The air-bubble chamber can be small and fit just the spider's abdomen (shown here) with its legs and thorax hanging out, or it can enclose the entire animal.
A diving bell spider, Argyroneta aquatica, shown here on underwater vegetation.
A diving bell spider has snagged a water flea and is consuming the prey inside the air-bubble chamber.
A female diving bell spider maintains her egg coccoon within the air chamber she has created within a silken web.
Here, a female diving bell spider has her egg cocoon enclosed within the air bubble attached to her silk web. When the eggs hatch, the little ones will immediately form their own air chambers.
Diving bell spiders, like this one, create their chamber by collecting a large air bubble from the surface, which they bring underwater and attach to a silk web connected to pond vegetation.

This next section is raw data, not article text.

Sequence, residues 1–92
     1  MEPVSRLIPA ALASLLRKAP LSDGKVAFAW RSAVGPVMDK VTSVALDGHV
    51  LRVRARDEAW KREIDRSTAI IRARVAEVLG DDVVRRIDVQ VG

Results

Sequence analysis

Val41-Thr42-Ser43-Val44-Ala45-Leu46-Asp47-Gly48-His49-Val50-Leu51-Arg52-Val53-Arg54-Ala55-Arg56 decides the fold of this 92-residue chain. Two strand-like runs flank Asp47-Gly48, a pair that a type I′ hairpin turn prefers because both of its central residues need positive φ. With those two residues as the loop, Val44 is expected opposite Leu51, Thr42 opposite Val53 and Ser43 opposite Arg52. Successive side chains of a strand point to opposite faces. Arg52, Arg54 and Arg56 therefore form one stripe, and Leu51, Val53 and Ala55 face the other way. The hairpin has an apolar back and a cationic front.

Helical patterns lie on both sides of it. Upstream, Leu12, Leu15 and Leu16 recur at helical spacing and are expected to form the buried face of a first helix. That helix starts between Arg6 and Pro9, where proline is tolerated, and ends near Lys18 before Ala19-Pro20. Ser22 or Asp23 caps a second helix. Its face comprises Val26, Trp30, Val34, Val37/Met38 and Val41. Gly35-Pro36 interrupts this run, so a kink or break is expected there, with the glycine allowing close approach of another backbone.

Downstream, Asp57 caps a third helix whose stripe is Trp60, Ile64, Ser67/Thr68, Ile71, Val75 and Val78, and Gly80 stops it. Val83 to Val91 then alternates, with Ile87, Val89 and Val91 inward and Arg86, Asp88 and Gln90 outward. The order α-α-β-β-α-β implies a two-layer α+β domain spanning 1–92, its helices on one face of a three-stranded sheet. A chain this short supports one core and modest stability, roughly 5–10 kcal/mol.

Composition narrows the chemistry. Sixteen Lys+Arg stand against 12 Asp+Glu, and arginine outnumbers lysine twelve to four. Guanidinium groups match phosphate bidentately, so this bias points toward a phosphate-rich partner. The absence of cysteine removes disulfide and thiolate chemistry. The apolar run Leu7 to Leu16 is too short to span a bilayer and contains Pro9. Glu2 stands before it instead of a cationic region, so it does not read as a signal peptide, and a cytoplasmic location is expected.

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Jeanna served as editor-in-chief of Live Science. Previously, she was an assistant editor at Scholastic's Science World magazine. Jeanna has an English degree from Salisbury University, a master's degree in biogeochemistry and environmental sciences from the University of Maryland, and a graduate science journalism degree from New York University. She has worked as a biologist in Florida, where she monitored wetlands and did field surveys for endangered species. She also received an ocean sciences journalism fellowship from Woods Hole Oceanographic Institution.